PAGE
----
NIMH encourages research on potentially scalable preventive, therapeutic, and services interventions that focuses on practice-relevant questions. Accordingly, collaborations between academic researchers and clinical or community practice partners or networks are encouraged. When possible, studies should capitalize on existing infrastructure (e.g., practice-based research networks such as the NIMH-sponsored Mental Health Research Network (MHRN), electronic medical records, administrative databases, patient registries, institutions with Clinical and Translational Science Awards) to increase the efficiency of participant recruitment (i.e., more rapid identification and enrollment) and to facilitate the collection of moderator data (e.g., clinical characteristics, biomarkers), longer-term follow-up data, and broader, stakeholder-relevant outcomes (e.g., mental health and general health care utilization, value and efficiency of intervention approaches).

Potential applicants are strongly encouraged to consult with relevant Institute Scientific/Research Staff as far as possible in advance of any application to discuss the match to current Institute priorities.

National Institute on Minority Health and Health Disparities (NIMHD)

The National Institute on Minority Health and Health Disparities (NIMHD) leads scientific research to improve minority health and reduce health disparities, to realize an America in which all populations will have an equal opportunity to live long, healthy, and productive lives. To accomplish this, NIMHD raises national awareness about the prevalence and impact of health disparities and disseminates effective individual-, community-, and population-level interventions to reduce and encourage elimination of health disparities. NIMHD is interested in projects including, but not limited to, the following:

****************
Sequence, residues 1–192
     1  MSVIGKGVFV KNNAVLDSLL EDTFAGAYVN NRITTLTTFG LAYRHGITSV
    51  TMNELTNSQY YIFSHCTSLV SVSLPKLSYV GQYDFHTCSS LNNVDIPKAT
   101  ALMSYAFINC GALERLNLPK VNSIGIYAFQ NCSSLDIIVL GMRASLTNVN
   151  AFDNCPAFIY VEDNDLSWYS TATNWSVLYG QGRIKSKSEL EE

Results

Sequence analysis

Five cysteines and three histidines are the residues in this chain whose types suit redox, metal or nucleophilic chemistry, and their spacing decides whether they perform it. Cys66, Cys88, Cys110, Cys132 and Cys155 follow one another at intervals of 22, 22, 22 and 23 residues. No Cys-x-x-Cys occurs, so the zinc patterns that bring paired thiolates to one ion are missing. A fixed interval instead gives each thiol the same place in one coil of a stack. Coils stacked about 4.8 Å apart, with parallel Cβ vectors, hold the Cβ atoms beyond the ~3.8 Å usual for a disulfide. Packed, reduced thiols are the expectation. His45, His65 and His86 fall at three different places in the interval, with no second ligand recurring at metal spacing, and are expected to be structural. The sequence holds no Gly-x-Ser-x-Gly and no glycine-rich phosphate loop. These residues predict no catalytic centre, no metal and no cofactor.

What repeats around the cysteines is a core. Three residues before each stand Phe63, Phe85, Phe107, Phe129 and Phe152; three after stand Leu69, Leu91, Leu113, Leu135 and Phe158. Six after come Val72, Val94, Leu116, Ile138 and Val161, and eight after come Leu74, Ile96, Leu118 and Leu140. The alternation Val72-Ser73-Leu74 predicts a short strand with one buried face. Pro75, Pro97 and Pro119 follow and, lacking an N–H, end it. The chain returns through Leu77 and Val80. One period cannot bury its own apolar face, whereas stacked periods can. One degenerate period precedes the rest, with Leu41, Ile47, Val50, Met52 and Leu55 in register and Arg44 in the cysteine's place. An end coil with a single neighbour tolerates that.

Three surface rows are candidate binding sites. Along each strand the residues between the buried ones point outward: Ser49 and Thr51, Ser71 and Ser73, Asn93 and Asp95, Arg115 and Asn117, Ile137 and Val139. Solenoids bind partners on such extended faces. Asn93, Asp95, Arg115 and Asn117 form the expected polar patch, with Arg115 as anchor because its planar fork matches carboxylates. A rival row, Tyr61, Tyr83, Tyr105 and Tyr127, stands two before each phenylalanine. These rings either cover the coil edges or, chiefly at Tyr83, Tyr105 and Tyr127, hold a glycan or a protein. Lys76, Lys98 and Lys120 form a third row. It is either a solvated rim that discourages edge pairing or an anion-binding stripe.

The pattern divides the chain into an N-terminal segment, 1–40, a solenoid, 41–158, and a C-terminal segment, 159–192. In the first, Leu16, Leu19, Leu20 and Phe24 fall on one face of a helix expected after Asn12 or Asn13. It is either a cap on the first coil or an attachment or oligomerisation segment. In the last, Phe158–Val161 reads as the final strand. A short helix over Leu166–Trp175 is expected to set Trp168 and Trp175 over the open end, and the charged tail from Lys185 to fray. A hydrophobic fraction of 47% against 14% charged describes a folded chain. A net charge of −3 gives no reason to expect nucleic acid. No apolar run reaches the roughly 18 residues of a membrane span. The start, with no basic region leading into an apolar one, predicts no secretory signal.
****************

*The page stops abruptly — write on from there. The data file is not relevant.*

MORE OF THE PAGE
• Interventions derived from local culture in strategies, process, implementation, and evaluation.
  • Projects that directly address methodological issues inherent in research in small populations such as those in many native communities.
  • Culturally-leveraged community based interventions focused on existing practices that support strengths and resilience factors that may be applicable and useful in other communities.
  • Projects that document efficacy and monetize traditional healing interventions for coverage by insurance.
  • Projects that develop innovative approaches to the provision of non-stigmatizing and resilience supportive prevention and treatment interventions.

National Institute of Nursing Research (NINR)

The National Institute of Nursing Research (NINR) supports research to solve pressing health challenges and inform practice and policy - optimizing health and advancing health equity into the future. NINR discovers solutions to health challenges through the lenses of health equity, social determinants of health, population and community health, prevention and health promotion, and systems and models of care. Drawing on the strengths of nursing’s holistic, contextualized perspective, core values, and broad reach, NINR funds multilevel and cross-sectoral research that examines the factors that impact health across the many settings in which nurses practice, including homes, schools, workplaces, clinics, justice settings, and the community. Observational, intervention, and implementation research are of interest.